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Vietnamese gem in H-Mart food court

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In the past when I went to the H-Mart food court I usually headed straight to the far-left stall for Korean soups. I had tried the other stalls that are Japanese, Chinese, and Thai, but they are Korean-style versions of those cuisines, which I mostly don't care for (the ramen at the Japanese place is especially bad). So I was pleasantly surprised when I started eating at the Vietnamese stall (Pho Sure). The Dry Style Saigon Noodles (yellow noodle version) stands out especially. Soft kinky yellow noodles (think Hong Kong style wonton noodles) are topped with shrimp, thinly sliced BBQ pork, Chinese greens, fresh cilantro, bits of fried onion, and a boiled quail egg. At the bottom is a layer of light soy-sauce-and-scallion-based sauce. You get a hot bowl of broth on the side for sipping. I usually get it with an order of piping hot spring rolls fresh out of the fryer that comes with a side of pickled daikon and carrots. Good stuff.

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  1. Oh wow, those dry yellow noodles are one of my favorites, especially if you can get them in a slightly wider shape (like linguine-sized). Thanks!

    5 Replies
    1. re: Luther

      I tried this yesterday and I thought it was passable but not especially good. Really not much flavor going on in there, and a ton of scallion tops. The side soup was just salty, no pronounced cilantro/fried shallot flavor like it should have. Spring rolls were freshly fried but the mushy filling didn't have much flavor either. At $13.50 for the two items it didn't seem worth it.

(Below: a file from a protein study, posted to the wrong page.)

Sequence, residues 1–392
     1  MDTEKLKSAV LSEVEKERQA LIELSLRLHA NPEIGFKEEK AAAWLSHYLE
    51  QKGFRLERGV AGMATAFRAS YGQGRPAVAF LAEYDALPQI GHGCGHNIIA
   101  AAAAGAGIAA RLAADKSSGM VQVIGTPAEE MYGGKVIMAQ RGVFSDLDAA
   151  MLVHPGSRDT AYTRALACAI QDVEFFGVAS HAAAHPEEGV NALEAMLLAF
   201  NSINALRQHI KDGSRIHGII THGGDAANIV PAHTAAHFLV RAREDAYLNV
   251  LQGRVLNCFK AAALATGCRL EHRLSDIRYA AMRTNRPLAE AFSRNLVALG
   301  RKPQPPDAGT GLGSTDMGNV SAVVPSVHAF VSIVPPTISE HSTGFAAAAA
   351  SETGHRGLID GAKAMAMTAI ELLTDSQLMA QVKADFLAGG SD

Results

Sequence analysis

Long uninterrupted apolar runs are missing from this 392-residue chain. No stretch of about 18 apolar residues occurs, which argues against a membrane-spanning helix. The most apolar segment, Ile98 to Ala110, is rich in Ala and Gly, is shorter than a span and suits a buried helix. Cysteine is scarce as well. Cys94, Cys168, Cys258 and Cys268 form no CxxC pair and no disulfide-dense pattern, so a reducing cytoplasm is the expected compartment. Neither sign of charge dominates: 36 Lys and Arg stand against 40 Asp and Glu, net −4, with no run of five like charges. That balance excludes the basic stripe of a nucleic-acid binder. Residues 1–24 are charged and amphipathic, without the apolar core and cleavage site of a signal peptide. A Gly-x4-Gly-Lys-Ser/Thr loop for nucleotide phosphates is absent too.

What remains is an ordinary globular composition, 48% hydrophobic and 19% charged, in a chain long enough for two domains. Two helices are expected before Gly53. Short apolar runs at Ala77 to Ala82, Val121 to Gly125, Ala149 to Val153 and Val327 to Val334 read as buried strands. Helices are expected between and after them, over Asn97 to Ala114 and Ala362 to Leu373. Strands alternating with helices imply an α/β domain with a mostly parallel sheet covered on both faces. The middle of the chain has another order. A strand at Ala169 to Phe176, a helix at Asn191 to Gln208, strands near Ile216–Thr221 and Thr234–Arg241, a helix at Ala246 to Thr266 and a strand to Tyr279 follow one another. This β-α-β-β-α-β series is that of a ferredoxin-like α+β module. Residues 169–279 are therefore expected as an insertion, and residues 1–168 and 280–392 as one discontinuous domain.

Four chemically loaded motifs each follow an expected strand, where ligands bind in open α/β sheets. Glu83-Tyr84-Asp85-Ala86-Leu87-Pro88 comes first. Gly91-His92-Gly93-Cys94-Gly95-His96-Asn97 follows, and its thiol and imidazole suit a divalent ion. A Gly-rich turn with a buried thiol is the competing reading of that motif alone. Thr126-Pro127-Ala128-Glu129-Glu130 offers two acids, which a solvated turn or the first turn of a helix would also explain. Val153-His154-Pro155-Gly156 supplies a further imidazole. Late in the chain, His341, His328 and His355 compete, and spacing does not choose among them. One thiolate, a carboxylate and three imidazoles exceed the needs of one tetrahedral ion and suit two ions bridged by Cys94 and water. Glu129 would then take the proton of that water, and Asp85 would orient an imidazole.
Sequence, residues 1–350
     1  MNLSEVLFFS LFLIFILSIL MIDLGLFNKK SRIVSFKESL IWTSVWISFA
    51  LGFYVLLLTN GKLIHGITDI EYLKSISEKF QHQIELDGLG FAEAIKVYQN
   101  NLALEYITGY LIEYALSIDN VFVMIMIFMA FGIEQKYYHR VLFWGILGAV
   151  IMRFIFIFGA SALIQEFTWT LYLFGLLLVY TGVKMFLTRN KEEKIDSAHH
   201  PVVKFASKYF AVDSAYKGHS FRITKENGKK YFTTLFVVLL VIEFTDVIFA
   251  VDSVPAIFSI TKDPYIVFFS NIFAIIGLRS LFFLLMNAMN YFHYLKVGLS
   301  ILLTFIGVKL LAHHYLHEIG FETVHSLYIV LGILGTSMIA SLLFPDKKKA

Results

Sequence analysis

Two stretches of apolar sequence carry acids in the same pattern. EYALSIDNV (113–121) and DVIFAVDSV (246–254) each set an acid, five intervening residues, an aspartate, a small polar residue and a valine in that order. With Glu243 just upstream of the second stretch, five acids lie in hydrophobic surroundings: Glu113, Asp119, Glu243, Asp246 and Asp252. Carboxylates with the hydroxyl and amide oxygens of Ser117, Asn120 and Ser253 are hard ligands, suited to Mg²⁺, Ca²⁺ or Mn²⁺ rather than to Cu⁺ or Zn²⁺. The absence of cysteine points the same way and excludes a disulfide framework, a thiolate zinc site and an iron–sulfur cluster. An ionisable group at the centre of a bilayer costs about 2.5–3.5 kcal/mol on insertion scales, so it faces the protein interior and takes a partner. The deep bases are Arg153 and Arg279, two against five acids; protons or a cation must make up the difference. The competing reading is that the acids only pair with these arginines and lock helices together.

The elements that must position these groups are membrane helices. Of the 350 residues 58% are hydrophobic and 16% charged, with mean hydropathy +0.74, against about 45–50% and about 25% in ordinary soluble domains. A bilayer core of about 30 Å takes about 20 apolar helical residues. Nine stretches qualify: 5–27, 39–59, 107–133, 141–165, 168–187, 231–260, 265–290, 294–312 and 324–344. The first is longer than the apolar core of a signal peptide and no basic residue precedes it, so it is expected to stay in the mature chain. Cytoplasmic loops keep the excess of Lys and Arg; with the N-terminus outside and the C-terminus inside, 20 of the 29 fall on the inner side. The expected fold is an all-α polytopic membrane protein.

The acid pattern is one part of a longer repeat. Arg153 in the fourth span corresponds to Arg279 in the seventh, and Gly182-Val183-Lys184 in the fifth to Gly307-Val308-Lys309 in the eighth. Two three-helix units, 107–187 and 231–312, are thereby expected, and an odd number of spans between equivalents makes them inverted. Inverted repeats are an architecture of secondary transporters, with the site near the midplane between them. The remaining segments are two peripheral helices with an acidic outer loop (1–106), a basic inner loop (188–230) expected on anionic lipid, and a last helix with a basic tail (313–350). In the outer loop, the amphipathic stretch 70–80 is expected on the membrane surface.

1. re: Luther

        Is there any place around Boston that does a better version of those noodles? They sound wonderful.

        1. re: Allstonian

          This sounds silly but the best version I ever had of the "mixed meats" style was at the long-gone Buddha's Delight Too in Brookline, and all the meats were fake because it was a vegetarian restaurant. But the flavors and textures were just right, and the soup had that perfect taste. This dish used the linguine-width dry yellow noodles.

          The best dry yellow noodles dish I've ever had was one with thin noodles and a braised duck leg, at Mi La Cay in Garden Grove, CA. I've never seen this particular presentation in Boston.

          To try other versions of this dish (which I believe is generally called "mi kho thap cam" or "mi kho dac biet" meaning combo/special dry egg noodles) I would first try out Xinh Xinh or Pho 2000, which do a great job with a variety of noodle dishes. I'm pretty sure I had it once at Xinh Xinh and thought it was pretty good, but didn't rival the best I'd ever had.

          An important distinction is that these yellow noodles ("mi") are not the same as the Chinese "min" that are used in wanton noodles. They both are chewy and yellow but "min" I believe contain more alkali and are therefore chewier and have a stronger distinctive flavor. The use of "min" at Pho Sure was somewhat upsetting, but I figure they get all of their ingredients from H-Mart, and not from whatever Vietnamese supplier one might otherwise use.

          1. re: Luther

            I often order it at Xinh Xinh, and I agree that it's quite good there.

        2. re: Luther

          O.K. I admit it was my first time to try this dish so I didn't have any reference. I would love to try it somewhere where it's really good so I can compare.